How to have an allergy-free HalloweenPosted on October 9th, 2007 by Alison Read 11 Comments - Add Your Own »
This will be the first Halloween that my daughter goes trick-or-treating. We’ll probably only go to a few neighbors’ houses, but there is also a Halloween parade down a main street where the shop owners give out candy. As a parent of a child with food allergies, I am feeling a little anxious about monitoring every piece of candy that she receives. I imagine other parents are feeling the same way.
So, I’ve come up with 4 approaches for how we can make Halloween enjoyable for our little ones:
1. The Go-With-the-Flow Approach
How it works: Let your child collect candy and then investigate which pieces are safe and which aren’t.
Pros: You don’t have to do any planning ahead of time.
Cons: What if none of the candy your child receives is safe? Also, this can be time-consuming – will your child wait patiently (ha!) while you check the ingredients?
2. The Fair Trade Policy
How it works: Buy a variety of safe candy ahead of time. Let your child collect candy and then trade unknown or unsafe pieces for the safe ones.
Pros: Your child gets the fun of trick or treating, doesn’t stand out from the crowd, and feels like it is fair that they get the same amount of candy that they collected.
Cons: Your child has to be trusted to not eat any unknown or unsafe candy until he/she can make the trade with you.
3. The Community Outreach Program
How it works: You supply candy or a list of safe candy to the houses that you will be visiting.
Pros: This is good for little kids that may only be visiting certain neighbors and friends. You don’t have to worry about him/her eating something that is not safe.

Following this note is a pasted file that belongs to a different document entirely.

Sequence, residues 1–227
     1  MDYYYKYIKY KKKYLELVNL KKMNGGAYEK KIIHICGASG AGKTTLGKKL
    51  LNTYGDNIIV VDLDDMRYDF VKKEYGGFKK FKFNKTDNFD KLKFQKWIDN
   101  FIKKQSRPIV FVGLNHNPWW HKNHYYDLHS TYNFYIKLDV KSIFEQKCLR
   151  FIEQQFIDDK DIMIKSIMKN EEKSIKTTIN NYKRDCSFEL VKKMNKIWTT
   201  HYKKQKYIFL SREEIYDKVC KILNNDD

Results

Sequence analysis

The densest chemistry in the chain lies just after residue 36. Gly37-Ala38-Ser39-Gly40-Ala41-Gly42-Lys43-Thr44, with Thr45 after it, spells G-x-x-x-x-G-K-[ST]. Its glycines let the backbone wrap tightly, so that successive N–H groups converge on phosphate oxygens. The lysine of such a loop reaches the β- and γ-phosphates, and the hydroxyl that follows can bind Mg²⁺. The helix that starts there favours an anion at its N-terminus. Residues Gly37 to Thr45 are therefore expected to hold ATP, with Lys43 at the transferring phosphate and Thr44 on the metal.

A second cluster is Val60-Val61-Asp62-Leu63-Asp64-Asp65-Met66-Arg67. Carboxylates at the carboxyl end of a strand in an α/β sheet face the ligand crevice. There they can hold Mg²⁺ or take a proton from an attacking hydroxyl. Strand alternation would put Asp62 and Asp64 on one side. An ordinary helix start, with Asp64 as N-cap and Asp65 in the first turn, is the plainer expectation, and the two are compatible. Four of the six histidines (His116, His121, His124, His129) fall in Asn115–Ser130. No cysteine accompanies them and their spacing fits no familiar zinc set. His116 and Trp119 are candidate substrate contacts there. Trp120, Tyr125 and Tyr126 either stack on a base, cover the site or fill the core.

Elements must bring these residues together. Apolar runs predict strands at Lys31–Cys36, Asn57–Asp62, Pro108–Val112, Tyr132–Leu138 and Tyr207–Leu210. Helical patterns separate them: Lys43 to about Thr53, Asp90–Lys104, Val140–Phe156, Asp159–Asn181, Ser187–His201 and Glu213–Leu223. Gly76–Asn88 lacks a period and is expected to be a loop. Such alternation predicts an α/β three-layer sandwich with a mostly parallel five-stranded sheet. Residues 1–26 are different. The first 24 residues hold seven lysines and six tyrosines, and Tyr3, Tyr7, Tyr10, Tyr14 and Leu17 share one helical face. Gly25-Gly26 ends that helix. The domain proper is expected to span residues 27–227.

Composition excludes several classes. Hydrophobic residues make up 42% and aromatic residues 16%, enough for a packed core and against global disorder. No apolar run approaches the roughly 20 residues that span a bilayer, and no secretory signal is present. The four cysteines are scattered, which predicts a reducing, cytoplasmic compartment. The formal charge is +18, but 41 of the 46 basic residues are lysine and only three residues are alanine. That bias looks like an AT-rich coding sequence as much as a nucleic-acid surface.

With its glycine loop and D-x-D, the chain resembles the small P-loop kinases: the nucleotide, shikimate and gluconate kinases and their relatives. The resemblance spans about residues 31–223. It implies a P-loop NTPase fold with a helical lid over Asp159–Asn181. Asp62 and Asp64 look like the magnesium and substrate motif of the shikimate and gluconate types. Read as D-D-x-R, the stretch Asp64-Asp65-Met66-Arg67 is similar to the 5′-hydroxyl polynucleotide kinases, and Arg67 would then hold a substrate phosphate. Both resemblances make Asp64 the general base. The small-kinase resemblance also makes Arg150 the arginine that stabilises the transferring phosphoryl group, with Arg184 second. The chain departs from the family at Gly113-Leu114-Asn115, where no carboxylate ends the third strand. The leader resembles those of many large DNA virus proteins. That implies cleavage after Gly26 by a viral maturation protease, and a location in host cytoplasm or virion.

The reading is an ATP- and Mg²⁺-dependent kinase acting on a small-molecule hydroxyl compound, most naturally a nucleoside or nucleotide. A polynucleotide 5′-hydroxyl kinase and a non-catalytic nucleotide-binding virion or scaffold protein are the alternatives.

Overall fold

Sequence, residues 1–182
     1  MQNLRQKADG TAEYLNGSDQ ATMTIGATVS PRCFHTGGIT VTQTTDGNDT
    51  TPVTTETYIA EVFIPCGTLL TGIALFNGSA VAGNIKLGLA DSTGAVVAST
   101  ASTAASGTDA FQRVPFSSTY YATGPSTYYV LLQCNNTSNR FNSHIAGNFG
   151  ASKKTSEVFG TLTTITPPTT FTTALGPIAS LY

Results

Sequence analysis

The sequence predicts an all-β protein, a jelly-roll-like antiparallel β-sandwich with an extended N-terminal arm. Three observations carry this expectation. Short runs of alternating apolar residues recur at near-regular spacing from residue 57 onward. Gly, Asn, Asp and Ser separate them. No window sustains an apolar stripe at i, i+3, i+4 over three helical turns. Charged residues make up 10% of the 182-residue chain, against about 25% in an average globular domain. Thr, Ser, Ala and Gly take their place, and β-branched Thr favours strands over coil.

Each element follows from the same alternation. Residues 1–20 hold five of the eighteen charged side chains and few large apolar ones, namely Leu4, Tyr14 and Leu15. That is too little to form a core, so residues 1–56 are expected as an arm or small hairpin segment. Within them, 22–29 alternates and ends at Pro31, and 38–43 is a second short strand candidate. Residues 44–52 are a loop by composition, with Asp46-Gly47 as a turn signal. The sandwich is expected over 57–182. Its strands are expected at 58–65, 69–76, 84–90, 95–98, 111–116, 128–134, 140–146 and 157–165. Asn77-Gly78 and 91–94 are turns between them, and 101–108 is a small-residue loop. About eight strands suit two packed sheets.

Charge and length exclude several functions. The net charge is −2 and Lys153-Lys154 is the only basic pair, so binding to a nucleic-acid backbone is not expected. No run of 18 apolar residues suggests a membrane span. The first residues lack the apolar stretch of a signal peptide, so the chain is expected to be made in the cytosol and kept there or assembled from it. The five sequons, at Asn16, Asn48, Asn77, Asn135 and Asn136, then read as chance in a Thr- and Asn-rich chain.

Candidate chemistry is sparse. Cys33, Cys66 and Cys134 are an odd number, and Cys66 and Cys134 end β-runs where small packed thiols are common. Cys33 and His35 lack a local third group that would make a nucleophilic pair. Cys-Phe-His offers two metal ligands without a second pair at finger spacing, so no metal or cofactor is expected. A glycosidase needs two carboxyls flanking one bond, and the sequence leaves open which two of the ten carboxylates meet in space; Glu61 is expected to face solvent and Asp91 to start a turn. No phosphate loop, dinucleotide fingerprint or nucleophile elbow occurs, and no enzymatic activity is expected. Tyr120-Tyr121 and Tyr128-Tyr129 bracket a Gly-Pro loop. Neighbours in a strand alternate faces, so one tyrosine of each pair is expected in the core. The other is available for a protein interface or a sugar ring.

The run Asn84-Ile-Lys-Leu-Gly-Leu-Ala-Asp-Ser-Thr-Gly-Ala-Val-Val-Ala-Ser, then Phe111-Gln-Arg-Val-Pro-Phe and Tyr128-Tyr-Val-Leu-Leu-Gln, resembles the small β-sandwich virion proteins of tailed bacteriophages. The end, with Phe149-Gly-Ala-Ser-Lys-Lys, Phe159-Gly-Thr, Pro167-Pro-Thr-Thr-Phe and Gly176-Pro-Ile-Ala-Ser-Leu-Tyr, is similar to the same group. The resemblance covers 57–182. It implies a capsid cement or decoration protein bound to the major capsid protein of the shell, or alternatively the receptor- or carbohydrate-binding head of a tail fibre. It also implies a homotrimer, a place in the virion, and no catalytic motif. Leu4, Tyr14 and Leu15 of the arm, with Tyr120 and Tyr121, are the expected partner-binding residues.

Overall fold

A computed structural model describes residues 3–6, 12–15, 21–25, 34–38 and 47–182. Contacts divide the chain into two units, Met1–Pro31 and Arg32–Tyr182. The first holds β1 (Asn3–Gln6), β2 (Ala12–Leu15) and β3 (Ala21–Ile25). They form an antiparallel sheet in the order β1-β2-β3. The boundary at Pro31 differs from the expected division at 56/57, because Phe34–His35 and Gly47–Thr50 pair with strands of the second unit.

Cons: This won’t work for older kids who are out with friends and visiting many houses, you have to go around to people’s houses ahead of time, and you have to trust your neighbors to remember.
4. The Just-Say-No-to-Candy Campaign
How it works: Sounds extreme – candy is evil! – but it just means offer non-food treats, like little toys, stickers, etc. This can be done in conjunction with The Fair Trade Policy, or with The Community Outreach Program.
Pros: No need to worry about ingredients, kids love little toys
Cons: Kids probably love candy more than toys! But perhaps given the choice, they may pick toys over candy some of the time, which can help.
Resources to help you have a safe Halloween:
- Gluten-free, dairy-free candy list from GFCFDiet.com. If your child has other allergies too, at least this is a good place to start. Then you can either call the company or check their website for more allergen information.
- Gluten-free product list from Delphi Forums Celiac Disease On-Line Support Group. List includes candy – this is a great resource!
- Gluten-free candy list from CeliacNet.
- Gluten-free candy list from Celiac Central.
There are many companies producing nut-free candy:
- Amanda’s Own Confections
- Kellie’s Candies Nut-Free Confections
- Candy Creations Company
- Nothin’ Nutty
- Peanut Free Planet
- Vermont Nut Free Chocolates
Looking for dairy-free chocolate?
And don’t forget the allergen-free lollipops!
Here is a list of non-food treats from a page from the National and Community Service website about making Halloween more inclusive for kids with diabetes and other health concerns:
- Temporary tattoos
- Fancy erasers
- Pencil toppers
- Coins (pennies, nickels, dimes)
- Small novelty toys
- False teeth
- Miniature magnifying glasses
- Plastic jewelry/decoder rings
- Tiny decks of cards
- Plastic medals
- Fake money
- Origami paper & instructions
Well, I feel better now and I am looking forward to taking my little pink fairy door-to-door for some Halloween treats!
How will you make sure your Halloween is safe?